Some of them he wrote and recorded first, some sampled his music, some he helped record. Prince’s fingerprints can be found on all sorts of hits by other music artists.
So let’s get crazy: Here are nine tracks that bear the mark of The Purple One.
‘Jungle Love’ / Morris Day and the Time, 1984
“I played drums all day, every day. I would skip school to do it ...,” Morris Day told Jimmy Kimmel last year, talking about how he got into music. “What changed it was meeting guys my age who were just as serious as I was. When Prince came into the equation, that dude was all music.” His showy role in Prince’s “Purple Rain” put him on the map. You wanna make love or what?
‘Nothing Compares 2 U’ / Sinead O’Connor, 1990
Prince wrote the song in 1985, but it blew up when Sinead O’Connor nailed it in 1990 -- and then she announced last year that she wouldn’t be performing it live anymore. “After twenty-five years of singing it, nine months or so ago I finally ran out of anything I could use in order to bring some emotion to it,” she said.
‘Manic Monday’ / The Bangles, 1986
C’mon, sing it -- you know how: “It’s just another manic Monday / I wish it was Sunday / ‘Cause that’s my fun day / My I don’t have to run day / It’s just another manic Monday”
‘Sugar Walls’ / Sheena Easton, 1985
“You know, I didn’t know him as well as people would make it out to be,” Sheena Easton told the Windy City Times in 2012. “People thought, ‘Sheena Easton and Prince -- they must be having an affair.’ But I did know him well enough to know he loved to write and produce. He’s very prolific. God forbid, when that man passes and they go in there. He’s got quite a vault.”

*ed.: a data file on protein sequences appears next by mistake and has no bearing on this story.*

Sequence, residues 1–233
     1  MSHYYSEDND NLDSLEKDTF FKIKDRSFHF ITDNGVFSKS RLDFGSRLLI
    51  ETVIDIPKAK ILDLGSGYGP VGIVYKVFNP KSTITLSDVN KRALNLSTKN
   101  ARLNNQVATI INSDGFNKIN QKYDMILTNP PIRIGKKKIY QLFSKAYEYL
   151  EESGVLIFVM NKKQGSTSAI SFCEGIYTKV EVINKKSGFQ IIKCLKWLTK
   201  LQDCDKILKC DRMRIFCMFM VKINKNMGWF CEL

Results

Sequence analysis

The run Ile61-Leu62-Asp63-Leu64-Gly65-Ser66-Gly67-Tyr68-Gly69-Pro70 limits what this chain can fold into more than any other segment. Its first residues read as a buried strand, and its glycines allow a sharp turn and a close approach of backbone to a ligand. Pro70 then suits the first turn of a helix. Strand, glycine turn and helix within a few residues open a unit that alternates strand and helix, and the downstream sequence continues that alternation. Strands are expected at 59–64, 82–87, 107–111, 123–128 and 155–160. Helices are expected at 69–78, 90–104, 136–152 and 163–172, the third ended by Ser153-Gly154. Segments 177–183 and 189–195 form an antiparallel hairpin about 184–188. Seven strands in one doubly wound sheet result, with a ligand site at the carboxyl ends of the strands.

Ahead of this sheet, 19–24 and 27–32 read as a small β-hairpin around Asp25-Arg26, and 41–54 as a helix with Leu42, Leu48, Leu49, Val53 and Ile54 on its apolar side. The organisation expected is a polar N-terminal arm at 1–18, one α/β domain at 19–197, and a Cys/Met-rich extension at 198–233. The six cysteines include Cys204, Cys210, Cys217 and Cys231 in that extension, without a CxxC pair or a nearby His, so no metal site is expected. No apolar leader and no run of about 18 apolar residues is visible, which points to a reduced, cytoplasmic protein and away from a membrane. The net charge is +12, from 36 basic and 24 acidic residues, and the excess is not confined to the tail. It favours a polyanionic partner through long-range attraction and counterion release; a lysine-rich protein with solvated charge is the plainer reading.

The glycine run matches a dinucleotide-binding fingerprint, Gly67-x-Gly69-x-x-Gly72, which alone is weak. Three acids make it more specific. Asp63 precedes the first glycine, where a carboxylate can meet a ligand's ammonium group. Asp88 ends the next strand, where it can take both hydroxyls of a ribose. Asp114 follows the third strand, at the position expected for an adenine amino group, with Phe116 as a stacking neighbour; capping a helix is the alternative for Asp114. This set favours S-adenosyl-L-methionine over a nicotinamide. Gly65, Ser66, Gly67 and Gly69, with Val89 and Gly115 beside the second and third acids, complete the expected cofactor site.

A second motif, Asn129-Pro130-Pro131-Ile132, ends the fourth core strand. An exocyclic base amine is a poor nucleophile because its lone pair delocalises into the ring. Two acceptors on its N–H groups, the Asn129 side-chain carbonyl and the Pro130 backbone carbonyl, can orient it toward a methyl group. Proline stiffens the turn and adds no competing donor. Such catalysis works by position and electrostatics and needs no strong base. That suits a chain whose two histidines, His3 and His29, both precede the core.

‘I Feel for You’ / Chaka Khan, 1984
Prince recorded “I Feel for You” in 1979, but Chaka Khan took it to No. 3 five years later, with harmonica help from Stevie Wonder and a rap intro by Melle Mel. A side note about that intro: “As we were mounting the recording onto the main master, my hand slipped on the repeat machine,” producer Arif Mardin told NPR in 2005. “So it happened to be, ‘Chaka-Chaka-Chaka-Chaka-Chaka-Chaka Khan,’ and we said, ‘Let’s keep that. That’s very interesting.’ And it was an accident.”
‘The Glamorous Life’ / Sheila E, 1984
“Boys with small talk and small minds / Really don’t impress me in bed / She said I need a man’s man baby / Diamonds and furs / Love would only conquer my head.” (God bless the ‘80s.)
‘How Come You Don’t Call Me’ / Alicia Keys, 2001
“There is only one man who is so loud he makes you soft. So strong he makes you weak. So honest you feel kind of bashful. So bold he defies you to be subtle and and so super bad he makes you feel so super good. He’s the only man I’ve ever seen who lights the stage on fire ...,” Alicia Keys said in 2004 when she helped induct Prince into the Rock and Roll Hall of Fame. His songs, she said, made her “look at songwriting as stories that are untold passions dying to be heard.” This song was originally released as the B-side of Prince’s “1999" single.
‘Stand Back’ / Stevie Nicks, 1983
Stevie Nicks wrote this one, but she was inspired by “Little Red Corvette” and wound up calling Prince “out of the blue,” she said in 1991, and hummed him a melody. He came right over to where she was recording, jammed on synthesizer for 25 minutes and voila, the song became what it is. Then he was gone. “He was so uncanny, so wild, he spoiled me for every band I’ve ever had because nobody can exactly re-create -- not even with two piano players -- what Prince did all by his little self.”
‘Pray’ / MC Hammer, 1990
Hear the doves crying in the background? Prince didn’t write this one either, but he did allow MC Hammer to sample “When Doves Cry.” When Hammer put the music publishing and copyrights to his catalog on the block in 2005, only 75 percent of “Pray” was available -- because the rest belonged to Prince.